December 10, 2012
Irony & The Scarlet Letter
Nathaniel Hawthrone’s Scarlet Letter is praised as one of the most revolutionary and compelling literary works in modern American history. The narrator’s omniscient, descriptive lingustics enfore the story’s captivating plot as well as invokes insights on the moral fiber of each character. For some, the novel is an inspiration to readers in regard to the powerful protagonist, Hester Prynne, with her feminism and strength in the face of adversity; or by her daughter’s pure spirit, or even the devotion of the minister Dimmesdale to his congregation. As popular and coveted is the complex plot, Hawthorne’s literary talents excel within each paragraph. The story is historical in its characters and what they represent, but is exciting because of its constantly misleading irony. The author uses irony systematically throughout the book to keep the reader guessing, whether verbal irony in Chillingworth’s words, situational irony - Hester and Dimmesdale’s burst of joy before a tradgic ending - or the dramatic irony of Dimmesdale’s secret relationship with Hester. The deceptive techniques used by Hawthorne are what makes this elderly tale so relevant today.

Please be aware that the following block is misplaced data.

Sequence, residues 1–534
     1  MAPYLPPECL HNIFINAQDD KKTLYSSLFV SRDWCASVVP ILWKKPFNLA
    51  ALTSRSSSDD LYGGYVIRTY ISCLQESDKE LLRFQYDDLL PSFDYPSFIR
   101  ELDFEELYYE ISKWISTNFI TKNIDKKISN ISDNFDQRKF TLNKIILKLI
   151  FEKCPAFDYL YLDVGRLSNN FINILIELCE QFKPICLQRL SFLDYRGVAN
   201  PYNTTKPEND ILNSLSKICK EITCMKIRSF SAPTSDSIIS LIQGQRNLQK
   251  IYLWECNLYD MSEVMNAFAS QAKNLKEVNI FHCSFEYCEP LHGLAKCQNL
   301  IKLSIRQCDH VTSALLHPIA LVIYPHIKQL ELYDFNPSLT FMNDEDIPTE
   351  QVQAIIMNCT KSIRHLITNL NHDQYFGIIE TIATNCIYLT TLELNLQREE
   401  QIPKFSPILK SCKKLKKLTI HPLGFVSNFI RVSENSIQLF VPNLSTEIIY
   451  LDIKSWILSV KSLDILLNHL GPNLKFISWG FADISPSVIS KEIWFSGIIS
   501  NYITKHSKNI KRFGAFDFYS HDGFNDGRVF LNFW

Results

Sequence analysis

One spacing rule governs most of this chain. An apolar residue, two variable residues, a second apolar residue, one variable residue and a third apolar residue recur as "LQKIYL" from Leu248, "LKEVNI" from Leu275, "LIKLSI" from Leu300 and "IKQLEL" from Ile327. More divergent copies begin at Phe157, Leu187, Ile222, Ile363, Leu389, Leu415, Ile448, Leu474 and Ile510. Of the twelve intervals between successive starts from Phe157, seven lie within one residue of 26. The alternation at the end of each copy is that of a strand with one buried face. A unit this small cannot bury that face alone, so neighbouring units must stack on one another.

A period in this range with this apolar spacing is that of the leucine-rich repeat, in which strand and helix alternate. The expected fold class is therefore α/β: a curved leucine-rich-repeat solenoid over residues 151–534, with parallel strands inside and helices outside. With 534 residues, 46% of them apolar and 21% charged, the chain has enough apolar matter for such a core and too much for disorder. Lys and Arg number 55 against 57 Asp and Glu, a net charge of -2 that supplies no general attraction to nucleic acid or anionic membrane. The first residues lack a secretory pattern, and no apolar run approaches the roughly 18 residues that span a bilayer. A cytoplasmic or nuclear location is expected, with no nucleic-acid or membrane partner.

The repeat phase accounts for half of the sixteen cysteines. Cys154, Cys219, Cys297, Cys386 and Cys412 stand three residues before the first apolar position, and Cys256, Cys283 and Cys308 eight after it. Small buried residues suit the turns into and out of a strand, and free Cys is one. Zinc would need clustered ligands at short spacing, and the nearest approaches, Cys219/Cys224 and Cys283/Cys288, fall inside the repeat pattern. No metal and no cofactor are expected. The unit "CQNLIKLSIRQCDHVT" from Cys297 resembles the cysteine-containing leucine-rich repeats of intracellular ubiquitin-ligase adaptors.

Each story with an inspirational protagonist must be countered by a sinister antagonist who wants to soil the positive efforts of the hero or heroine. Although some might argue that society would be the only rival to Hester and Dimmesdale, Hawthorne uses his words to prove otherwise, painting the villain Chillingworth as a dark, heinous figure. The first instance of irony that had me beside my self was the doctor Chillinworth’s words to Hester in Chapter 4 “’…as a man who has not thought and philosophized in vain, I seek no vengeance, plot no evil against thee,’”(Hawthorne 70). Chillingworth swears not to be intrusive in Hester’s struggles and presents himself as an innocent bystander in the town of Boston. The verbal deceit...